Dancers-In-Residence at MT Space: Raven Morand & Kate Kamo McHugh
This summer, The National Arts Centre is partnering with more than 30 Canadian artists through a summer artistic residency program called "Free Rein"―a new initiative in support of the renewal of the Canadian performing arts sector. MT Space is fortunate to be partnering with the NAC Dance Section as a conduit to host two of these artists-in-residence locally. We are thrilled and honoured to be incubating the work of Raven Morand and Kate Kamo McHugh, who will be creating this August and sharing their journeys at IMPACT 21. Here’s what they look to explore:
“The goal of this project is to demonstrate the power of healing through dance for Indigenous folks residing on Turtle Island. Since colonization, Indigenous people have had to endure unjust violence which continues to happen to this day. Indigenous folks have also had to display incredible amounts of resilience while also battling intergenerational trauma and cycles of abuse. In recent weeks, the public has become aware of over a thousand unmarked graves of Indigenous children at a handful of residential schools in the colonial state of Canada. With hundreds more of residential schools to be searched, that number is sure to climb. For many of us, dancing is what feeds our spirits, how we connect/reconnect with our culture, how we pass down our culture to the next generations to come, and one of our most important healing tools. This project will have three dancers within their own categories explore what healing through dance means to them and dance in honor of all those children who never made it home.” - Raven Morand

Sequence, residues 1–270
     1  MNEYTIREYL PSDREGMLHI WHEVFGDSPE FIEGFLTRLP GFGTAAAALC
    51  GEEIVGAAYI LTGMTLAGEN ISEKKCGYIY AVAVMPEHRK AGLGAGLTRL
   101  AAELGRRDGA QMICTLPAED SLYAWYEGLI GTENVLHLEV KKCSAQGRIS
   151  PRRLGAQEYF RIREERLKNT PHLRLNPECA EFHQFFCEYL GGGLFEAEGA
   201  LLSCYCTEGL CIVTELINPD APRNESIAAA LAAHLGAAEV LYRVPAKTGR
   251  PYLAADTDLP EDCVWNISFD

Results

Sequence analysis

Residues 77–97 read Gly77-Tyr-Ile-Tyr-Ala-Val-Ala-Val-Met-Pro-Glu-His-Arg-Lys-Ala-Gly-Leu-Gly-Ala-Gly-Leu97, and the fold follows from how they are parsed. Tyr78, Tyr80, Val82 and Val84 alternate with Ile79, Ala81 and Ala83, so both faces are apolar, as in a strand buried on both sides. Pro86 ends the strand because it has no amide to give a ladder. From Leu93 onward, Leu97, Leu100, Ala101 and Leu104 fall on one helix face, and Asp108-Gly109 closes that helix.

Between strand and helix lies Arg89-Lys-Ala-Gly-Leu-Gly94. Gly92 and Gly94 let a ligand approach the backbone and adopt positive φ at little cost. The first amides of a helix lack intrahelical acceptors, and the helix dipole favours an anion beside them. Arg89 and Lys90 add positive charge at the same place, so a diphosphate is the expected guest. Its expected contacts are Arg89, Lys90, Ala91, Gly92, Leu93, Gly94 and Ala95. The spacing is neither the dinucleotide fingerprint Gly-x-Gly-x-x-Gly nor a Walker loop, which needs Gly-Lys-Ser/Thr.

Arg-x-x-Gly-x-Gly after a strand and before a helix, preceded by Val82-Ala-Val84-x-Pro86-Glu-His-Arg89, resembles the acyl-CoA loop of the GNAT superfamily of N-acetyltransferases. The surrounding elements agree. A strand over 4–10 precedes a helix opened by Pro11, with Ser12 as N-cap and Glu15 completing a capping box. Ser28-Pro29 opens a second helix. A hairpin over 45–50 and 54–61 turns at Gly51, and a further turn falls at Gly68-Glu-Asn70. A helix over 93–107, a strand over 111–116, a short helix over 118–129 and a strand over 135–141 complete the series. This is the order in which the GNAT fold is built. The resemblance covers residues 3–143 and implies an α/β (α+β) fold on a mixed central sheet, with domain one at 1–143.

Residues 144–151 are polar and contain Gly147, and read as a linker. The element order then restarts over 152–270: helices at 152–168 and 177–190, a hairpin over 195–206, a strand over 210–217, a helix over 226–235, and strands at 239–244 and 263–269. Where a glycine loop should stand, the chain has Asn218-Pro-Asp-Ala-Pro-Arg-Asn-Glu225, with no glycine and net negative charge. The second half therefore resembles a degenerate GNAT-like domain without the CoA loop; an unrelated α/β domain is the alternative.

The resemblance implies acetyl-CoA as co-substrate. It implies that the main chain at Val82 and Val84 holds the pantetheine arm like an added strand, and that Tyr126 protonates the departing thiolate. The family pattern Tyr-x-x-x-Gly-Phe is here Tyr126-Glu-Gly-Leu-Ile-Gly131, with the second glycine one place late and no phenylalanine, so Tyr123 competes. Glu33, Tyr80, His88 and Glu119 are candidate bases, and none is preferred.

“My project is a solo dance piece called Michiko (working title), an exploration of Japanese Canadian identity―cultural loss, retention and creation. During my Free Rein residency, the central question I will be exploring is: Throughout my Japanese family’s five generations in Canada, what has been lost culturally and what remains? I will be looking at critical aspects like language, physical appearance, and family names. Michiko is my grandmother’s name, my middle name, and the Japanese name I gave to my Gosei (fifth) generation daughter. I cherish this name, like the other Japanese cultural elements that remain in our family. After experiencing ostracization during WWII, families like mine tried to become as Canadian as possible―distancing themselves from all that is Japanese and accelerating this cultural loss. Today, families like mine are proud of their heritage and trying to access the cultural remains of generations past. I first started to think about this piece with the 2019 birth of my daughter, the first member of our family’s fifth generation. How would I explain to her why we’ve lost so much of our Japanese culture? Through this residency, I hope to discover more about my family and peoples’ history.” - Kate Kamo McHugh
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